More tolerance in new Chicago Public Schools code of conduct
Sep 01, 2011
Chicago Public Schools has adopted a new student discipline policy that one parent group says moves the district a step away from zero tolerance.
Staff members are being told to treat minor infractions as learning opportunities to reinforce positive behavior. Out-of school suspensions are to be used as a last resort.
CPS officials said for the most serious infractions, restorative justice--programs such as peace circle and a jury of student peers determining punishment--can be offered in addition to suspensions and expulsions.
"The change is mostly in the language," says Charles Bergman with Community Organizing and Family Issues, which has been advocating against the district's zero tolerance policies for years. "It's emphasizing more strongly that out-of-school suspensions is meant to be used as a last resort not for any old misconduct."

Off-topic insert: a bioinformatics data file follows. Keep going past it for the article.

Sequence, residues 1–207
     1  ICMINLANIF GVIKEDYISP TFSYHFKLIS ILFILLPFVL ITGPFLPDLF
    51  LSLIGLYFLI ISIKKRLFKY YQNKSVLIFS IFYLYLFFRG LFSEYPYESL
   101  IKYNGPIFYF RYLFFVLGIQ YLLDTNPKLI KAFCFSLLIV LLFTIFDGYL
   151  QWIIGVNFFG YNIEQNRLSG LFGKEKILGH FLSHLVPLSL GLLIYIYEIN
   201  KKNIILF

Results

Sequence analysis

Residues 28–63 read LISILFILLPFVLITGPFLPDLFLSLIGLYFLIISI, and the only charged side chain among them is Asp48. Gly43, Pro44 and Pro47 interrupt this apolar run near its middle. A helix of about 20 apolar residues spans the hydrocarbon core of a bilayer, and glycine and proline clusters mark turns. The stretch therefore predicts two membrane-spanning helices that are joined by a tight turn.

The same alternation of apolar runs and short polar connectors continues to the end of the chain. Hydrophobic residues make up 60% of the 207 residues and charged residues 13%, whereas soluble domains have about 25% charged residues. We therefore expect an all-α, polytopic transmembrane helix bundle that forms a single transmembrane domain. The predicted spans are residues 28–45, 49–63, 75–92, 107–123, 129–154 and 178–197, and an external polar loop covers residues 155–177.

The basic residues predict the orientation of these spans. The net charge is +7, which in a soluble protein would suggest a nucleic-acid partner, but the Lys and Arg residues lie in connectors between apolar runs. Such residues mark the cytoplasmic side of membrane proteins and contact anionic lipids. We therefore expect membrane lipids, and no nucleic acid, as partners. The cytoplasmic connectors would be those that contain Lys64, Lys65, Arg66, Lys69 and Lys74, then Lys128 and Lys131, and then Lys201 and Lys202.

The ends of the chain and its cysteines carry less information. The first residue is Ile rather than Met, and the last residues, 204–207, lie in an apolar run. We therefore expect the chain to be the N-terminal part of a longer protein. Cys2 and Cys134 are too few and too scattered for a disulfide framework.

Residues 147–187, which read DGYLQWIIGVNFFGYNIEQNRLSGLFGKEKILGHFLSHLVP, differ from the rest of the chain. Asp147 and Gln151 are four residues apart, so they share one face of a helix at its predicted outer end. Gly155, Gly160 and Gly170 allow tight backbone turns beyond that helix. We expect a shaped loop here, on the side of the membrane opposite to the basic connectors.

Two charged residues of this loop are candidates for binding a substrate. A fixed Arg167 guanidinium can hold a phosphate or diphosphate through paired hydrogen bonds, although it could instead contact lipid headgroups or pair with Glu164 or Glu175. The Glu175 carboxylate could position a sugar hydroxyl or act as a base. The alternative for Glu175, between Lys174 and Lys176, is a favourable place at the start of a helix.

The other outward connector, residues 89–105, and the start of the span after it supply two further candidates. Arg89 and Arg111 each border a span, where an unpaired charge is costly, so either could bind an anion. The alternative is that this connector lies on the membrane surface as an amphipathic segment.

COFI's initial victories came in 2006 and 2007 when CPS officially removed the term "zero tolerance" from its student code of conduct. This year again, COFI members helped the district draft new language for the code.
Bergman said that while the group would have liked the policy to go further and say restorative justice should be used to determine discipline for the more serious violations, the new policy is "a step in the right direction."